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Individual Stock Portfolio Investment Planning

Summary:
Early last year when studying my portfolio I decided my two biggest positions (Apple and Google – those ready the blog won’t be surprised due to my 10 stocks for 10 years posts) continued to warrant the large portion of the portfolio they held. I also decided that I would systemically sell say 1% of Apple and 2% of Alphabet a year (the Apple dividend was also paying about 1% – actually it was more then but is much less now). That was just a long term plan that helped me think about the long term portfolio management. But that, like all investment decision, was subject to revision. As both continued to soar I decided it made sense to sell more but maintain a similar plan, just maybe selling 2% and 4% a year (or something). Basically I still like them as investments. I still feel

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Early last year when studying my portfolio I decided my two biggest positions (Apple and Google – those ready the blog won’t be surprised due to my 10 stocks for 10 years posts) continued to warrant the large portion of the portfolio they held. I also decided that I would systemically sell say 1% of Apple and 2% of Alphabet a year (the Apple dividend was also paying about 1% – actually it was more then but is much less now).

That was just a long term plan that helped me think about the long term portfolio management. But that, like all investment decision, was subject to revision. As both continued to soar I decided it made sense to sell more but maintain a similar plan, just maybe selling 2% and 4% a year (or something).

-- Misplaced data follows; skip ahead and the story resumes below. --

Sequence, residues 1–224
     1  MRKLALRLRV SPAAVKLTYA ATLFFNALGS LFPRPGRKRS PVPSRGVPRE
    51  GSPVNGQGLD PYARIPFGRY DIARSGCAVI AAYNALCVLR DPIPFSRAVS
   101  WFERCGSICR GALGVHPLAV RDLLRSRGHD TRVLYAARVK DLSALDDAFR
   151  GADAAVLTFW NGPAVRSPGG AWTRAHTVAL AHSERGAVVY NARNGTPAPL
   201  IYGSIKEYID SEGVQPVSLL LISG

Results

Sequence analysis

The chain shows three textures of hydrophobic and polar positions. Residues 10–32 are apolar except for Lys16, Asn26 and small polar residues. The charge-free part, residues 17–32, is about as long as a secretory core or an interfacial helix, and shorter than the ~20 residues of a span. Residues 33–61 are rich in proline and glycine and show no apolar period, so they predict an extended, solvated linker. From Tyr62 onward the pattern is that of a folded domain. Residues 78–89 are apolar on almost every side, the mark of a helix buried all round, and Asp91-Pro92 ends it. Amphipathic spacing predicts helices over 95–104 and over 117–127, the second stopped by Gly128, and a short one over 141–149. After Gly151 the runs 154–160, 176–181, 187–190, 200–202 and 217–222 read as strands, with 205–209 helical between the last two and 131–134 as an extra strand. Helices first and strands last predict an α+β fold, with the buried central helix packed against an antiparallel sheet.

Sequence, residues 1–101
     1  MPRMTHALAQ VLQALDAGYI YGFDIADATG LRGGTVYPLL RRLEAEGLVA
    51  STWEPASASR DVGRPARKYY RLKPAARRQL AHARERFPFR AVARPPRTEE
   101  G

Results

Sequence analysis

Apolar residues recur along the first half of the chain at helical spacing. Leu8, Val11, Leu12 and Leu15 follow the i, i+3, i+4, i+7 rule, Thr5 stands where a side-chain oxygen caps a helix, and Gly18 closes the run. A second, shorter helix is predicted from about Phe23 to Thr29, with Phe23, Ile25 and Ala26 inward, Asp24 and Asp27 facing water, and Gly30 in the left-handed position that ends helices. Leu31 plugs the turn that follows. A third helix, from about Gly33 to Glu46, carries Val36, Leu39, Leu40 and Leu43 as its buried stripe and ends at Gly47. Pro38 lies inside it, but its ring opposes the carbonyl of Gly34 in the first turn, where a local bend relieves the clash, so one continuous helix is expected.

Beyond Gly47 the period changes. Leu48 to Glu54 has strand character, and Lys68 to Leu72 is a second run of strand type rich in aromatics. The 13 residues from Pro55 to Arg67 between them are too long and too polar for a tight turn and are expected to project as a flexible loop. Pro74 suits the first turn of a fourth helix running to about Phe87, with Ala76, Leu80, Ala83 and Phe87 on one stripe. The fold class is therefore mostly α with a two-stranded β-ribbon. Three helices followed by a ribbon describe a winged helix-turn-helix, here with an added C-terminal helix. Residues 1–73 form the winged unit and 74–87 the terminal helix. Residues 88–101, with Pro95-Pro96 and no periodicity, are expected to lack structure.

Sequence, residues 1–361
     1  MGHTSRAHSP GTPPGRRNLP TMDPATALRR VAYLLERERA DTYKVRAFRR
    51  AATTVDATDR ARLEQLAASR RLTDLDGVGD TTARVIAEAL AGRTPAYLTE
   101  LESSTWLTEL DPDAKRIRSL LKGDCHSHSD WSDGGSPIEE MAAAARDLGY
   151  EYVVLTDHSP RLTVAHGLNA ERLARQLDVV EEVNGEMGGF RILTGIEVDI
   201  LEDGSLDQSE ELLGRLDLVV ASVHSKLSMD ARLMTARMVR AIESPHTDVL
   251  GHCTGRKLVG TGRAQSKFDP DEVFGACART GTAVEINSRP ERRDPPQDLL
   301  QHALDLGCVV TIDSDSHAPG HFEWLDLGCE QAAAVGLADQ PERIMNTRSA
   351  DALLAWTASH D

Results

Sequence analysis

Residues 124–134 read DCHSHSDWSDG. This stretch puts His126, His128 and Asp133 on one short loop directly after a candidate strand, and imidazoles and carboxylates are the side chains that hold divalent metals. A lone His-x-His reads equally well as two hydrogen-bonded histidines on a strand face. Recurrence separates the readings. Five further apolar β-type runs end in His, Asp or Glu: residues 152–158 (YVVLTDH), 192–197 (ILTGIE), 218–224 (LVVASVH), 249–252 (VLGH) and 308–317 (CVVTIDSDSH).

Basically I still like them as investments. I still feel both companies long term prospects are excellent. I do also feel both are pretty richly valued. They certainly do not seem to be the huge bargains they were 15 years ago. At first my main reasons for slowly selling some was mainly that the portions of the portfolio were growing a bit too high. At this time, that has become even more true. But also the prices are also getting very rich. Selling at these prices seems pretty attractive.

At these prices if I sold more now and then prices decline I can have already cashed in my planned yearly sales (based on my original plan) and therefore could hold off for several years (instead of selling at those reduced prices). And if the prices continue to go up, well I still own a lot of them and so I will profit handsomely in that case.

I have a new 2nd largest holding – Sea Limited ($SE). It is a Singapore based company that I am very high on for the long term. I bought a fair amount, all in that last year. But nowhere near enough to be my second largest holding. However my originally purchases were in the $50s and $60 and today, less than a year since my first purchase, it is at $217. It is a richly valued stock but I believe the potential is still very promising I have no plans on selling any of this anytime soon. It is volatile, it is down 5% today.

It is useful to think about the long term and even to make tentative plans. But, as an investor, adjust those plans as conditions change. I see such plans as helpful thoughts and reminders, not plans to follow automatically.

I do continue to find that the existing prices in the market make finding great investments difficult. I am normally very “over-invested” in the stock market. I have been trying to reduce how over-invested I am. I am doing that a bit less successfully than I would like. But I am raising some cash. I do remain over-invested, which is fine for me, but I also am a bit more over-invested than I think is warranted. I will continue to try to raise some cash. It is a bit difficult for me as I am naturally drawn to make investments when I see available cash to invest.

Related: Retirement Portfolio Allocation for 2020Long Term Changes in Underlying Stock Market Valuation


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